The story centers on Ollie Olsen (Claybourne Elder), a boxer and sailor from Arkansas who loses an arm in an automobile accident and becomes a male prostitute in order to make a living. The narrative skips back and forth in time, but is dominated by Ollie's time in prison, where he sits on death row. There, he receives numerous letters from men with whom he had slept but had never thought much about afterwards. They have a cumulative effect on him that leads to a fraught encounter with a divinity student in the prison cell, although the outcome of that meeting is not what either man envisioned.
Elder delivers a broodingly intense performance that captures Ollie's shifting moods. Behind his sometimes-aloof façade, there is always a hint of both anger and vulnerability that achieves full expression late in the play. The actor's handsome features and chiseled physique are also perfectly suited to the character, who is described more than once as looking as if he were a piece of "antique sculpture." The missing arm is theatrically realized by using a belt to tie Elder's right arm to his side and letting it hang limp beside him.
Noah Bean serves as the narrator within the play and takes on the role of Sean, a writer who befriends Ollie in New Orleans, and whom the hustler asks to write up his life story. Bean and Elder share such terrific chemistry in their one scene together that it makes you wonder about their two characters' relationship, which is largely unexplored within the play.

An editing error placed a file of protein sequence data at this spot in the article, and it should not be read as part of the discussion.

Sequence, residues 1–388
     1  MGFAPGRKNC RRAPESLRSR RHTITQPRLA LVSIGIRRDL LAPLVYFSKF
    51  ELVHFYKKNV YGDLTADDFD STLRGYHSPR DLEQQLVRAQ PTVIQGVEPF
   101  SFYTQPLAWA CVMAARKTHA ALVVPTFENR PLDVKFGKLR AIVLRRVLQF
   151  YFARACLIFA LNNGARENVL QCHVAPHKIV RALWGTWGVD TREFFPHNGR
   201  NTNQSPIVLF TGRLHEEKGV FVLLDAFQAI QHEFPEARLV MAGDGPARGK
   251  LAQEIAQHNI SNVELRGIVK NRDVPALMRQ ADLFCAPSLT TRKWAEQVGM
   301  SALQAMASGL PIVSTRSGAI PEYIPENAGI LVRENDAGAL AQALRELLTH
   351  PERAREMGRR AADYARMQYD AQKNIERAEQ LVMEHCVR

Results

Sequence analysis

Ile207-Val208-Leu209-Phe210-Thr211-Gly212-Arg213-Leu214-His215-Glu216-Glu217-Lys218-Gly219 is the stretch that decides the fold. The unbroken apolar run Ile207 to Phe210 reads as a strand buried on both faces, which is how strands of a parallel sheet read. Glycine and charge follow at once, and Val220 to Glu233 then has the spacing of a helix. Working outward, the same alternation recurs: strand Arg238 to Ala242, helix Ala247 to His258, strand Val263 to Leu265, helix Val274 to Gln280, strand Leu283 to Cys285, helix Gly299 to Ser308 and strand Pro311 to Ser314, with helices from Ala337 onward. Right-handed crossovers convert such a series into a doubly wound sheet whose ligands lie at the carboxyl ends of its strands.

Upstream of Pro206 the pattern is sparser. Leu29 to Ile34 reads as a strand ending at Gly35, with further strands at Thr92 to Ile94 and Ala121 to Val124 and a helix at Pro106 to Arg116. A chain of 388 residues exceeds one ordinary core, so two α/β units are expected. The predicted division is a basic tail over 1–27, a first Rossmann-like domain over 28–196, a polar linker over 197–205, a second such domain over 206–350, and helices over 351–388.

The remainder of the company -- KC Comeaux, Steven Hauck, Todd Lawson, Christopher McCann, Greg Pierotti, and Larisa Polonsky -- all play multiple roles and do so ably. Lawson is particularly effective as the divinity student who is drawn to visit Ollie in prison after seeing his picture in the paper, while Polonsky makes a good impression as a woman hired to co-star with the one-armed hustler in a pornographic film.
Derek McLane's scenic design evokes the prison setting most prominently, but it is versatile enough to also suggest other environments. He's helped out by Shane Rettig's original music and sound design, which provides specific aural effects (such as the punches thrown in the boxing ring) to immediately establish locale and atmosphere. Also making a positive contribution is David Lander's moody lighting design, which in one instance requires a couple of actors to hold lighting instruments to create a striking directional effect.
The play hews quite closely to the basic narrative trajectory of Williams' original short story, which was in many ways ahead of its time. Some of the dialogue and narrated passages are also closely modeled after those found in the published version of the work, with certain segments lifted verbatim. There are times when the use of the narrator feels superfluous, but more often than not, Williams' phrasing shines through with a lyrical quality that is achingly beautiful.
Don't show this again.